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Seventh Circuit: Court Erred in Dismissing Prisoner’s Suit for Failure to Include Trust Account Ledger

by Matt Clarke

On February 7, 2017, the Seventh Circuit Court of Appeals held that a district court erred when it dismissed a prisoner’s civil rights lawsuit that was brought in forma pauperis without first evaluating his exculpatory explanation that prison staff had refused to give him a required trust account ledger to attach to his complaint.

Tuwayne Bell, an Illinois state prisoner, filed suit pursuant to 42 U.S.C. § 1983 alleging that various defendants had deliberately disregarded dangerous conditions in the prison kitchen, resulting in an injury to his foot. He included an application to proceed in forma pauperis but did not attach a printout showing his trust fund account transactions over the previous six months as required by the Prison Litigation Reform Act, 28 U.S.C. § 1915(a)(2). Instead, he included a sworn statement that he was unable to provide the trust fund ledger because prison officials had refused to give him a copy.

The district court denied the application because the ledger was missing. Without setting a deadline, it sent Bell a warning that his case would be dismissed unless he filed a new application or paid the filing fee. The court noted Bell’s claim that prison officials had refused to give him a trust fund ledger, but did not evaluate the statement for veracity or significance. Instead, it ordered the clerk to forward a copy of the order to prison officials.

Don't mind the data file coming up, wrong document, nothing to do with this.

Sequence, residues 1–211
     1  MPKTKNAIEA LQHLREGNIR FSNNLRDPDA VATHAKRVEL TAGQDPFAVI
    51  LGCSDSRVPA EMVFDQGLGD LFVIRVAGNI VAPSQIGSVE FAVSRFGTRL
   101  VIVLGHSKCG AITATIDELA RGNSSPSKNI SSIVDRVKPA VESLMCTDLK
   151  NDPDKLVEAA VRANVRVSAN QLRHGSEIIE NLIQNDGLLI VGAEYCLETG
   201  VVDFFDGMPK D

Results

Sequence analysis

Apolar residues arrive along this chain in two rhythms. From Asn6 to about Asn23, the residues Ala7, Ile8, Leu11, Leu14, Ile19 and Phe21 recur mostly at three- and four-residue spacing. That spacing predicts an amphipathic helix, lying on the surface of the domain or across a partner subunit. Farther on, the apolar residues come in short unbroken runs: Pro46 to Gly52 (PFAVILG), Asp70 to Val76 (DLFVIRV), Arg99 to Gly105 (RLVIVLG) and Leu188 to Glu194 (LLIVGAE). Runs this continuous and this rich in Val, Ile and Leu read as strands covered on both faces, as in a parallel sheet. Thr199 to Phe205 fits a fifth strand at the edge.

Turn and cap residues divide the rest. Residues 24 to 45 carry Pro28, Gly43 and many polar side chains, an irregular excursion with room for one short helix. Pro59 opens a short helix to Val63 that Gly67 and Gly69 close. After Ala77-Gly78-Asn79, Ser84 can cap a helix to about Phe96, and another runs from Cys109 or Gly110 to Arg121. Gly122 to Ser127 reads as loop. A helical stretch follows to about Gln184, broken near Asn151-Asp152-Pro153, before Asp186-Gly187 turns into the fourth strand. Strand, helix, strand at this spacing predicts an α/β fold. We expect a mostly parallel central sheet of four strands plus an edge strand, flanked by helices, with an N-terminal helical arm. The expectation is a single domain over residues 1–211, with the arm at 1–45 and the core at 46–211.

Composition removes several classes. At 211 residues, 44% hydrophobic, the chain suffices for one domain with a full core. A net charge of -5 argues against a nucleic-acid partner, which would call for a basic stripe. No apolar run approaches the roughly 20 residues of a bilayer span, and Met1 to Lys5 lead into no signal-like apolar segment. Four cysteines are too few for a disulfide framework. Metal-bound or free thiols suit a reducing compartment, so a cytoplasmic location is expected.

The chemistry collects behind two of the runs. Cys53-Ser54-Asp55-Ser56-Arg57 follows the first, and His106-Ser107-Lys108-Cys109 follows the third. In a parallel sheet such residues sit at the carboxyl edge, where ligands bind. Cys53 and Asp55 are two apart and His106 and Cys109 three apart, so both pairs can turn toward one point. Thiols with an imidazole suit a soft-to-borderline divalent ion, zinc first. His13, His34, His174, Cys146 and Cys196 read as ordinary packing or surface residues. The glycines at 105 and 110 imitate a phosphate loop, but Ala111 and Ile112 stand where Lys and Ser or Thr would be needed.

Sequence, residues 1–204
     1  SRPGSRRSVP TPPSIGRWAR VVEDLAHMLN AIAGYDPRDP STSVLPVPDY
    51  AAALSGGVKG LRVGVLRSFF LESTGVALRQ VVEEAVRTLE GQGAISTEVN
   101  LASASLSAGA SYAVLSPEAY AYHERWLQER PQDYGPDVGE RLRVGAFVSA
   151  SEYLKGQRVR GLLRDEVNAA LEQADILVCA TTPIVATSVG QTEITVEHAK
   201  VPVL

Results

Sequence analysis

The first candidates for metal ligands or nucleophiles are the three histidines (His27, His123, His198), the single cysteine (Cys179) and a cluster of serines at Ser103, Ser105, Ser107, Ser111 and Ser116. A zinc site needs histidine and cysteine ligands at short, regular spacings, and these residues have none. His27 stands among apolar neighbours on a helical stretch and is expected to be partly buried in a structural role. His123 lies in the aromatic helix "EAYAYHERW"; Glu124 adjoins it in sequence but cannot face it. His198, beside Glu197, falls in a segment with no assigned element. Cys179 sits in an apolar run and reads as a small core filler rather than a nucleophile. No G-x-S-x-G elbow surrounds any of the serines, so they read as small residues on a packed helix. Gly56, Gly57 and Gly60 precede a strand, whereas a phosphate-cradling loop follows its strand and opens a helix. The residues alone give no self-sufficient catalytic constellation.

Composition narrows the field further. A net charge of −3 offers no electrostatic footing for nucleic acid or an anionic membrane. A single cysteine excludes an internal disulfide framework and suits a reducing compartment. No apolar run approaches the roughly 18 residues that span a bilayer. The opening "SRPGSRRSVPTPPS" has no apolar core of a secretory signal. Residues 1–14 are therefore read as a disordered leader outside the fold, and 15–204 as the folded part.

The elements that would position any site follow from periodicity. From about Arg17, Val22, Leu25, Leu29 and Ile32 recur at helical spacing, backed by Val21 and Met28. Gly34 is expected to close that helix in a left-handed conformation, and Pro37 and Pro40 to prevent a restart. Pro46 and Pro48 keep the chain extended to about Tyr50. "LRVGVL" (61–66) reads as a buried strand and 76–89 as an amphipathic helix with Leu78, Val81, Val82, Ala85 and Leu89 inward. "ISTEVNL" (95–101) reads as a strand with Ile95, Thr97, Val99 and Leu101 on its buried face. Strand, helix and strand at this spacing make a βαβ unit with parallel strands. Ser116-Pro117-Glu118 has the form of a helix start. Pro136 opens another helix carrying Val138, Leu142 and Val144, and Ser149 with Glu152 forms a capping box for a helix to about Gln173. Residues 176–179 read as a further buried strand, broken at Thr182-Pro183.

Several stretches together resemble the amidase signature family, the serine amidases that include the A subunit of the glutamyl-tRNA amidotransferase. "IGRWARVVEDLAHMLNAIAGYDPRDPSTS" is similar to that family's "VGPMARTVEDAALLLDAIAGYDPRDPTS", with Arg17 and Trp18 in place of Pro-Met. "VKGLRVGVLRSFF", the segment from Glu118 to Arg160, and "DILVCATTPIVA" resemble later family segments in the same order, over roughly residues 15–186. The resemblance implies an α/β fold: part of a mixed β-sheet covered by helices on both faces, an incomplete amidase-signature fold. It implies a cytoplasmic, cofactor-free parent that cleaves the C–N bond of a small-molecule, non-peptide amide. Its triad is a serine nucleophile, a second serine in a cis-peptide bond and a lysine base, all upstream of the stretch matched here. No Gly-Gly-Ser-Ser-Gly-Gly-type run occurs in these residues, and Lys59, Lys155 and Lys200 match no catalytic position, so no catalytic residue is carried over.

Three months later the district court dismissed the case, incorrectly stating it had ordered Bell to submit a new application “‘within thirty days’ or risk dismissal” and he had not complied with the warning. Bell appealed.

The Seventh Circuit noted the district court had failed to file a proper final judgment in the case, which allowed Bell’s otherwise tardy appeal to be heard. Bell took 71 days to file a notice of appeal because he allegedly never received the order informing him that his application was incomplete and must be resubmitted.

The Court of Appeals concluded “that the district court acted unreasonably in denying Bell’s application to proceed without prepaying fees and dismissing the suit” because it failed to first determine whether he was at fault in not supplying the required trust fund ledger. It noted that prisoners had limited control over their trust fund accounts and “it is entirely predictable that the prison would prefer to postpone [a prisoner’s] ability to pursue litigation against itself.”

Additionally, the district court incorrectly said it had placed a 30-day deadline on its instructions for Bell to submit a new application. Therefore, the order of dismissal was vacated and the case remanded for further proceedings; it remains pending on remand, where the court appointed counsel to represent Bell in July 2017. See: Bell v. Kay, 847 F.3d 866 (7th Cir. 2017). 

Related legal case

Bell v. Kay


 

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